Berfore we start with the trip, here is a short overview about or planned trip. The general idea is a round trip from Würzburg in Germany to Mongolia and back. The image below shows the approximately planned route, albeit it was planned using suggested routing between major points of the trip. Therefore, the actual route will probably vary from the planning.

The planning started in 2018, about one year before the actual start of the trip. As Chris was writing his master thesis until the end of March, most of the preparations on the bikes took place in the last weeks before the trip. Therefore, we were not able to conduct as extensive testing as we would have liked to.

During our trip, we plan to document the adventures we experience using this blog. We will probably not manage to create a “live” day-by-day report of the trip. Instead we will try to cover different parts of the trip when we can manage it time wise. 

Caspian Sea Ferry

As can be seen on the planned route, we are planning to cross the caspian sea by ferry. As the plan was to get from Turkey to Uzbekistan, three options existed.

  1. Take the northern route via Russia and Kazakhstan
  2. The southern route via Iran and Turkmenistan
  3. Ferry from Baku to Aqtau (Kazakhstan)

Option one was ruled out by the fact, that we had already planned to enter Russia twice. As a consequence, we would need a multiple entry visa which are a) expensive and b) is it unclear, if you are required to have previously entered Russia for a certain period.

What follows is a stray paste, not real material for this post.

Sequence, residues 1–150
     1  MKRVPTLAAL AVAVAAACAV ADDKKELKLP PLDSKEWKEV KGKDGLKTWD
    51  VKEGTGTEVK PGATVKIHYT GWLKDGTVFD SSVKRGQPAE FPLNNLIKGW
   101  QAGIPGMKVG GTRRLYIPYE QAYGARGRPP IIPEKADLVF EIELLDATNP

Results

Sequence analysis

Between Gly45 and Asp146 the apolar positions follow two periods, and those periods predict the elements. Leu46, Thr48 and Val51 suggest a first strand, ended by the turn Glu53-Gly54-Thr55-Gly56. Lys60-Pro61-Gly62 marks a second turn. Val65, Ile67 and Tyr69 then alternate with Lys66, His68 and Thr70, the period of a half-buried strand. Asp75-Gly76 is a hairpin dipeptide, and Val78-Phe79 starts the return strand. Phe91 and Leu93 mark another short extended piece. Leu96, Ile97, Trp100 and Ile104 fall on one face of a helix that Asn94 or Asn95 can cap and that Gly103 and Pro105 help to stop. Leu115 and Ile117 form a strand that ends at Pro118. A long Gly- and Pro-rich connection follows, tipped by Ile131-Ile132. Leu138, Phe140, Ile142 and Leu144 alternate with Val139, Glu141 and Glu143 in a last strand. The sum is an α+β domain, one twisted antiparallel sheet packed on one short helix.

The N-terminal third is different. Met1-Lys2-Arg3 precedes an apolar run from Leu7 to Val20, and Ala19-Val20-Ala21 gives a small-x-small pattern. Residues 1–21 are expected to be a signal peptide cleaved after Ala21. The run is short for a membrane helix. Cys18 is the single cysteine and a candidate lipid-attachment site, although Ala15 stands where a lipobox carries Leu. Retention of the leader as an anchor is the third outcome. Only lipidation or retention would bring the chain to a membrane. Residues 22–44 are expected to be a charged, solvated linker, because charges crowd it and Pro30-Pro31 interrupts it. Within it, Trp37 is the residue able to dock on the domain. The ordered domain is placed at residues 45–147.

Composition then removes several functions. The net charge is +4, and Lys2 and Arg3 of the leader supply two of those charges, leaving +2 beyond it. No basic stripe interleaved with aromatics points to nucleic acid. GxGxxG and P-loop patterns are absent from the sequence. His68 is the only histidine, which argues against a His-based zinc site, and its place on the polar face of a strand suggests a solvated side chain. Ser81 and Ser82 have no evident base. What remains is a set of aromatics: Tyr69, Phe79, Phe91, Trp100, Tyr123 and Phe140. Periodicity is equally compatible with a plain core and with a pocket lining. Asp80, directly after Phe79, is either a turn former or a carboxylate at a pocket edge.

The second option was discarded as the chances for getting a Transit Visa for Turkmenistan are very low according to multiple sources. As a consequence, only the third option remained. According to two online sources, taking the ferry is a little more complicated than ferries in western Europe, but definitely possible.  We are closely monitoring this thread for updates on the current situation regarding the ferry.

Transsib Irkutsk – Moscow

We are planning to cover the longest part of the Russian leg of the trip using the trans siberian railway. This does of course pose the question “How do we transport the bikes?”. Luckily, we are not the first ones with this plan. Instead, a user wrote a tutorial on shipping a bike from Irkutsk to some other place in 2011 where he explained in detail who to ask, what to bring etc. As the tutorial is eight years old by now, we don’t expect the information to be up to date. But it definitely shows, that there once was a way to get it done, so it should somehow also be possible now 😉